- Track 5-1Small and Large bowel NETs
- Track 5-2Appendiceal NETs
- Track 5-3Pancreatic NETs
- Track 5-4gastric NETs and lung NETs.
There are many ways to diagnose a tumor, determine whether it is cancerous, and if so, find out if it has spread to another part of the body, called metastasis. Some tests may also determine which treatments may be the most effective. For most types of tumors, a biopsy is the only way to make a definitive diagnosis of cancer. If a biopsy is not possible, the doctor may suggest other tests that will help make a diagnosis. Imaging tests may be used to find out whether a cancerous tumor has spread. This list describes options for diagnosing this type of tumor, and not all tests listed will be used for every person. Your doctor may consider these factors when choosing a diagnostic test: Age and medical condition, Type of tumor suspected, Signs and symptoms, Previous test results
- Track 6-1Blood/urine tests
- Track 6-2Laryngoscopy
- Track 6-3Computed tomography (CT or CAT) scan
- Track 6-4Surgical biopsy
- Track 6-5Computerised Tomography (CT) Scan
- Track 6-6Magnetic Imaging Resonance (MIR) Scan
Doctors are working to learn more about neuroendocrine tumors, how to best treat them, and how to provide the best care to people diagnosed with this disease. The following areas of research may include new options for patients through clinical trials. Always talk with your doctor about the diagnostic and treatment options best for you.
- Track 7-1chemotherapy and drug combinations
- Track 7-2Targeted therapy and combined treatments
- Track 7-3Radioactive Iodine (RAI) Therapy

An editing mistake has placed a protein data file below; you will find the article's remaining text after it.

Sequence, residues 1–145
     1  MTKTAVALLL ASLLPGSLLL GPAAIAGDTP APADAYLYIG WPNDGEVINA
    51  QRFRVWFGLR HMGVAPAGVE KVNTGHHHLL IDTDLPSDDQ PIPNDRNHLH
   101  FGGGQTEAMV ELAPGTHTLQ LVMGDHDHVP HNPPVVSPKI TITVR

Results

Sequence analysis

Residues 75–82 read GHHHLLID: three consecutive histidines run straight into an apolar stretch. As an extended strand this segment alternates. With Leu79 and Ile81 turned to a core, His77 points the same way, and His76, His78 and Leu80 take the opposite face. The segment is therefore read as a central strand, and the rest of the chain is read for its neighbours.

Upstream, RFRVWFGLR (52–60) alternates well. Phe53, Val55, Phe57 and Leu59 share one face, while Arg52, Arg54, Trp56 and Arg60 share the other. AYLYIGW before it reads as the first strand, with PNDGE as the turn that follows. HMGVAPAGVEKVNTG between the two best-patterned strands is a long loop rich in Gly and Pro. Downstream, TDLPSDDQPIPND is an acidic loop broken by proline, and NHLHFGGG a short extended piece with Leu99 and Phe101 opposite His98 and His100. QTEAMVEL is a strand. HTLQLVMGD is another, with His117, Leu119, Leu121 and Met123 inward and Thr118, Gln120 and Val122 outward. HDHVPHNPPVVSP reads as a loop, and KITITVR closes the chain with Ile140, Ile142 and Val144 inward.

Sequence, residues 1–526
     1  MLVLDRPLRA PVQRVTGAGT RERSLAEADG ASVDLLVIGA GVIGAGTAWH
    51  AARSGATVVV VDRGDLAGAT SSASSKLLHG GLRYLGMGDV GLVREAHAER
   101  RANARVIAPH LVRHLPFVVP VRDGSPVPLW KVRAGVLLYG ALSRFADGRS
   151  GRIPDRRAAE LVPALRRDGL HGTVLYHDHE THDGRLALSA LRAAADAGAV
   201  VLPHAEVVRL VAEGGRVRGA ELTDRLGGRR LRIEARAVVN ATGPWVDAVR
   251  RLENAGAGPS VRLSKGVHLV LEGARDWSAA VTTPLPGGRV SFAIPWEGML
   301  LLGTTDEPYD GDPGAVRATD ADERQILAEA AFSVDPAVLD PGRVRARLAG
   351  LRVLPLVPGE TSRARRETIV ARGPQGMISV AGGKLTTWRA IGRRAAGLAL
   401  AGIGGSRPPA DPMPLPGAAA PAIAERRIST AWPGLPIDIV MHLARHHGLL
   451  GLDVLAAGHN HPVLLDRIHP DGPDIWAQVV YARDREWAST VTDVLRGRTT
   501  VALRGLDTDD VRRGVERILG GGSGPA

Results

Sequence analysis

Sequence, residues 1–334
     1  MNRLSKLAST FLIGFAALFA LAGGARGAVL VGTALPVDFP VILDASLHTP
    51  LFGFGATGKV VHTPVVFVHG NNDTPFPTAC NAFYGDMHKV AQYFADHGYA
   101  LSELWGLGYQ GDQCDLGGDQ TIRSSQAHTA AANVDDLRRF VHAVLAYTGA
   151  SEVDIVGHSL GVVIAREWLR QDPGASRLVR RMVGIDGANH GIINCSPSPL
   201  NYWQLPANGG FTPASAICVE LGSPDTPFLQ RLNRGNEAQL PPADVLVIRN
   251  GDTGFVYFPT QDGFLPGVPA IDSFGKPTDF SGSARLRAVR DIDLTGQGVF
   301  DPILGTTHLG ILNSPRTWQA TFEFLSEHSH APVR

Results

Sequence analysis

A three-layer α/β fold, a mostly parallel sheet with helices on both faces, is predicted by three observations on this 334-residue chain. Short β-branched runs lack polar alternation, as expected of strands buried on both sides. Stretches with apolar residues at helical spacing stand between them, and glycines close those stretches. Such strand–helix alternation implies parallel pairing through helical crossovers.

- Track 7-4Chemotherapy
- Track 7-5External Beam Radiation Therapy
- Track 7-6Hormone Therapy
- Track 7-7Targeted Therapy for PNET and ENET
- Track 7-8From somatostatin to Lanreotide
Surgery is the main treatment in nearly every case of cancer, and it is the main treatment for both pheochromocytoma and Merkel cell cancer. During surgery, the doctor removes the tumor along with a small border of healthy tissue around the tumor, called a margin For pheochromocytoma, laparoscopic surgery may be performed. Laparoscopic surgery is a less invasive type of surgery that uses three or four small incisions instead of one large incision. A thin, lighted tube called a laparoscope that is attached to a video camera is inserted through one opening to guide the surgeon. Surgical instruments are inserted through the other openings to perform the surgery. If removing the tumor using surgery is not possible, it is called an inoperable tumor, and the doctor will recommend another type of treatment.
- Track 8-1Types of conventional surgery
- Track 8-2Debulking Surgery
- Track 8-3laparoscopic surgery in Neuroendocrine cancer
- Track 8-4Robotic Neuroendocrine Surgery
Genetic blood tests can be used to identify people who have a high risk of developing the familial types of Neuroendocrine Cancer. When inherited it strikes one family member, all family members can be tested. Those who test positive but have no symptoms of cancer may decide to have their early treatment to prevent the disease. At times when the particular hormone producing gland is removed after surgery, these patients need to take hormones substituents for the rest of their lives.
- Track 9-1Medication
- Track 9-2Screening
- Track 9-3Health History
- Track 9-4Surgery To Prevent Cancer
Doctors and scientists are always looking for better ways to treat patients with a neuroendocrine tumor. To make scientific advances, doctors create research studies involving volunteers, called clinical trials. Many clinical trials are focused on new treatments, evaluating whether a new treatment is safe, effective, and possibly better than the current (standard) treatment. These types of studies evaluate new drugs, different combinations of existing treatments, new approaches to radiation therapy or surgery, and new methods of treatment. Patients who participate in clinical trials are often among the first to receive new treatments before they are widely available. However, there is no guarantee that the new treatment will be safe, effective, or better than a standard treatment.There are also clinical trials that study new ways to ease symptoms and side effects during treatment and managing the late effects that may occur after treatment. Talk with your doctor about clinical trials regarding side effects.